Presenting an impenetrable wall of bodies and steel to a cavalry charge and thus robbing it of its momentum is in fact the way to deal with heavy cavalry. Besides ancient phalanxes, this has been successfully attempted by Scottish schiltrons, Swiss pike formations or Hussite wagon forts as early as the 13th century and spelt the end of heavy cavalry dominance on the battlefield. This was later cemented by Spanish (and later German) tercios and by the time of the Napoleonic wars, a cavalry charge against well-formed infantry was essentially hopeless.

Now, not to diminish the significance of bayonets, there are several important contributions that they, and related technologies, made.

  • First, the combination of bayonet and a musket meant that you no longer needed to maintain separate missile troops and heavy infantry (where earlier it was not feasible for an archer or an arbalesteer to carry a pike around). This permitted the transition from earlier pike-and-shot formations to homogeneous musket infantry.
  • Second, the specific technology of a socket bayonet mitigated vulnerability of infantry to sudden charges, either by cavalry or other infantry, because you could have your bayonet on and be ready to defend yourself in close combat while still being able to shoot (even if muzzleloading was made a bit more difficult by the blade sticking up from the end of your barrel). This, some historians claim, is what made the difference against tactics like the Highland Charge (see Battle of Culloden).
  • Third, in comparison to earlier missile weapons, a musket was something you could train very nearly anyone to operate. Where getting reasonable proficiency with a sling would require a lifetime of training, with a bow, years, and with a crossbow months, pretty much anyone could be drilled to load and shoot a musket in a week or so. This in turn prompted the development (or more precisely, refinement) of standardized infantry drill for fighting with a bayonet, marching and maintaining unit cohesion, all of which are crucial when facing heavy cavalry.

So to conclude, it was not really the weapon that made the difference (although it helps to be able to shoot the horse from under a charging cavalryman - a lot easier and just as deadly alternative to trying to shoot the cavalryman himself), but how it was being used. Earlier heavy infantry tactics, such as pike squares, were reasonably effective when well executed, but the proliferation of the musket with a bayonet, as well as of thorough infantry drill, only finally made sure that in a head on confrontation, cavalry was rendered impotent.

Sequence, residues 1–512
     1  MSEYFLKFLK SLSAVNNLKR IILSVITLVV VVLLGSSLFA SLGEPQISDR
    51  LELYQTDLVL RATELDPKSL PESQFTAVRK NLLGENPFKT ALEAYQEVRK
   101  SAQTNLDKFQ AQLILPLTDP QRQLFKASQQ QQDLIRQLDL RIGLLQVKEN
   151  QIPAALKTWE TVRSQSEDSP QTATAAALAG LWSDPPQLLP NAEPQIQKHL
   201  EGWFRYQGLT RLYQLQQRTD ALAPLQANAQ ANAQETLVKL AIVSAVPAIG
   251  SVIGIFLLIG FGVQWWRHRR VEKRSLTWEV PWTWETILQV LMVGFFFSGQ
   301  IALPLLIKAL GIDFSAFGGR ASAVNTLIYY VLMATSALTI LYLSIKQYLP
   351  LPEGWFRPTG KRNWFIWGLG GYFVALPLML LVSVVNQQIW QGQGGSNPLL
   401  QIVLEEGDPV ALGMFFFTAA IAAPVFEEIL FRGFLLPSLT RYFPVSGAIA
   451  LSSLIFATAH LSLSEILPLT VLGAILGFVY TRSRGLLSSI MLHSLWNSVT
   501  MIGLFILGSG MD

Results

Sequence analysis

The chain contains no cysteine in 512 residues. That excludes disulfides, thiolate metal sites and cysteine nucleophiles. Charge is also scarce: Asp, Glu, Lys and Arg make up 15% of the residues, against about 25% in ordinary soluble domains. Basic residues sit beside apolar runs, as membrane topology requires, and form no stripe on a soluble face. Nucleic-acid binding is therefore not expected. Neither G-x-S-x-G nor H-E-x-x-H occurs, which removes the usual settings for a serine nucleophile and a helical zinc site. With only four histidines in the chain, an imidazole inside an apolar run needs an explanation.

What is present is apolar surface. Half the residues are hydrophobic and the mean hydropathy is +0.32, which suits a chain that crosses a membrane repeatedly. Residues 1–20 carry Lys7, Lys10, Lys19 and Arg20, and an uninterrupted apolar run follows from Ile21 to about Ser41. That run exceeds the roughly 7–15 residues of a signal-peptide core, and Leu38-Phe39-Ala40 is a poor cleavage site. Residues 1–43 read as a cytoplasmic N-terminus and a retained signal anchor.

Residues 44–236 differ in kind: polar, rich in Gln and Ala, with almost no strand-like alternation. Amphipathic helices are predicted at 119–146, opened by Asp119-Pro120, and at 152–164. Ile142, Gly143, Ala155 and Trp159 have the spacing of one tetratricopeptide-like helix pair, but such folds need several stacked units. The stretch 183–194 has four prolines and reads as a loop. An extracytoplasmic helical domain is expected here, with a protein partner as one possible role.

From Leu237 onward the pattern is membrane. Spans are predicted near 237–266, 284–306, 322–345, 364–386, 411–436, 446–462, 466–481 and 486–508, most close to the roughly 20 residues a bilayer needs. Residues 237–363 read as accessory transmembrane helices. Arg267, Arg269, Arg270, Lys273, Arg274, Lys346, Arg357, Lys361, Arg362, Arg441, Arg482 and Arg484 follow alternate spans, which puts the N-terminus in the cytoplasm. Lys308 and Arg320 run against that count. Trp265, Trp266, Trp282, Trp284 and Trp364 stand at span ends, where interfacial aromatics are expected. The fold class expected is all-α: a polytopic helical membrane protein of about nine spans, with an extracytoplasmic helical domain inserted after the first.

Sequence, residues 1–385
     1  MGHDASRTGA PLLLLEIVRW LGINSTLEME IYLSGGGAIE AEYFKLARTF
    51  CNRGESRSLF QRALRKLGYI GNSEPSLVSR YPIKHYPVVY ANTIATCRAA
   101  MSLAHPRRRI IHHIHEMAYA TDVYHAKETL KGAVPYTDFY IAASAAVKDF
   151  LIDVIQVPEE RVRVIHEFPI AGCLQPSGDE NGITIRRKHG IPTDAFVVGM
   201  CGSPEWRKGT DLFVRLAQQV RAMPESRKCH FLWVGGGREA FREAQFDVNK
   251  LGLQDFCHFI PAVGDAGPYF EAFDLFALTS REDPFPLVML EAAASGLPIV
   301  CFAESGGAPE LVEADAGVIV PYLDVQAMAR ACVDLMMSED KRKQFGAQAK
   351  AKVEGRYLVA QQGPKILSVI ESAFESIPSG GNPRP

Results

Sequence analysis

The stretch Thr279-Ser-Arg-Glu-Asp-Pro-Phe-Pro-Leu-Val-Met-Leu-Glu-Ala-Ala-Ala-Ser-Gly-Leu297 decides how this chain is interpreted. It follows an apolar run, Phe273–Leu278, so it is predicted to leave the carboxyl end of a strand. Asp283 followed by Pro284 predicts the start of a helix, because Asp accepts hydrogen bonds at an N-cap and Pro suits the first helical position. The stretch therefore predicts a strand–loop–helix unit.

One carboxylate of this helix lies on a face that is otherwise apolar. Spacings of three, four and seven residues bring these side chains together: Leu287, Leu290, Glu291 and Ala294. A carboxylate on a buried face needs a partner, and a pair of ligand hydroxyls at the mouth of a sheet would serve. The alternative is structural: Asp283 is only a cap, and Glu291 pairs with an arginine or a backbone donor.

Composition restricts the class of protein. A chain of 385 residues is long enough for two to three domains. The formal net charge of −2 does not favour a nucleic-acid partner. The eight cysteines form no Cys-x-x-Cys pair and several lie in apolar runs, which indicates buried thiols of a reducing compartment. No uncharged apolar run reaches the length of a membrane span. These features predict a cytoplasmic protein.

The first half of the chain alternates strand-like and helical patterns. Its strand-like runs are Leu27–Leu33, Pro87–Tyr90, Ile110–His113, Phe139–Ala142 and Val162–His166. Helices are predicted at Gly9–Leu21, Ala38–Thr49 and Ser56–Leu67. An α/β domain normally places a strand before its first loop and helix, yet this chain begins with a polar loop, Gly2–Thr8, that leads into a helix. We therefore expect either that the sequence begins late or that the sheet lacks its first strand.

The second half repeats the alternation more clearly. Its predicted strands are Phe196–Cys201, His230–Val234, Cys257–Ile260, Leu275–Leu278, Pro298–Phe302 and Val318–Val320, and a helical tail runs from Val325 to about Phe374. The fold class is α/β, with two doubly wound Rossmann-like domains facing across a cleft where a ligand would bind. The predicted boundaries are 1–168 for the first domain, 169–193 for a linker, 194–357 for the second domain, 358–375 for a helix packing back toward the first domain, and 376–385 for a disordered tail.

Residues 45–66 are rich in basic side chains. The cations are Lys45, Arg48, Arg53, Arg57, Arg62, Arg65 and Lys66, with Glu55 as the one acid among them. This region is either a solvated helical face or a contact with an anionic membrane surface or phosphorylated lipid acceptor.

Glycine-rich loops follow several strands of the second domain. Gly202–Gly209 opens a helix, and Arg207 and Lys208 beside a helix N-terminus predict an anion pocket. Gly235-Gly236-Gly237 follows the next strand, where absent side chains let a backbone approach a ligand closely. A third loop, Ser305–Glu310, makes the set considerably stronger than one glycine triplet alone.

As an addendum, remember that this did not make cavalry completely useless. Well into the Napoleonic wars, cavalry would play an important role in scouting as well as pursuit, and it was still possible to find infantry that was either not disciplined enough to withstand the primal terror of a cavalry charge, or was simply caught by surprise. It was also possible to get plain lucky and have the infantry square break at an inopportune moment, as happened at the Battle of Garcia Hernandez.

Furthermore, an infantry battalion that has formed square is effectively pinned down, and the massed formation makes it an easy target for artillery (because any good hit will necessarily take out more of the enemy) or infantry (on account of the square being a lot harder to miss, even with a musket). Following best practices for combined-arms tactics is vital.

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Welcome to the site. An upvote for a good answer. – Tom Au Sep 30 '14 at 22:37
Overall very good, but I take exception to this in the last paragraph: "an infantry battalion that has formed square is effectively pinned down" French Imperial Guard battalions routinely marched around the battlefield in hollow square, and as did some other elites of the period from time to time. It is a "miniatures misconception" that units in hollow square were immobile - that only applied to units in closed square such as Austrian and Russian masse. – Pieter Geerkens Dec 9 '15 at 23:02

For a case study reference, this may be relevant.

This is from Battle of Waterloo, when Ney assaulted Wellington's centre in the French cavalary charge

""Initially Milhaud's reserve cavalry corps of cuirassiers and Lefebvre-Desnoëttes' light cavalry division of the Imperial Guard, some 4,800 sabres, were committed. When these were repulsed, Kellermann's heavy cavalry corps and Guyot's heavy cavalry of the Guard were added to the massed assault, a total of around 9,000 cavalry in 67 squadrons.

Wellington's infantry responded by forming squares (hollow box-formations four ranks deep). Squares were much smaller than usually depicted in paintings of the battle – a 500-man battalion square would have been no more than 60 feet (18 m) in length on a side. Vulnerable to artillery or infantry, squares that stood their ground were deadly to cavalry, because they could not be outflanked and because horses would not charge into a hedge of bayonets. Wellington ordered his artillery crews to take shelter within the squares as the cavalry approached, and to return to their guns and resume fire as they retreated."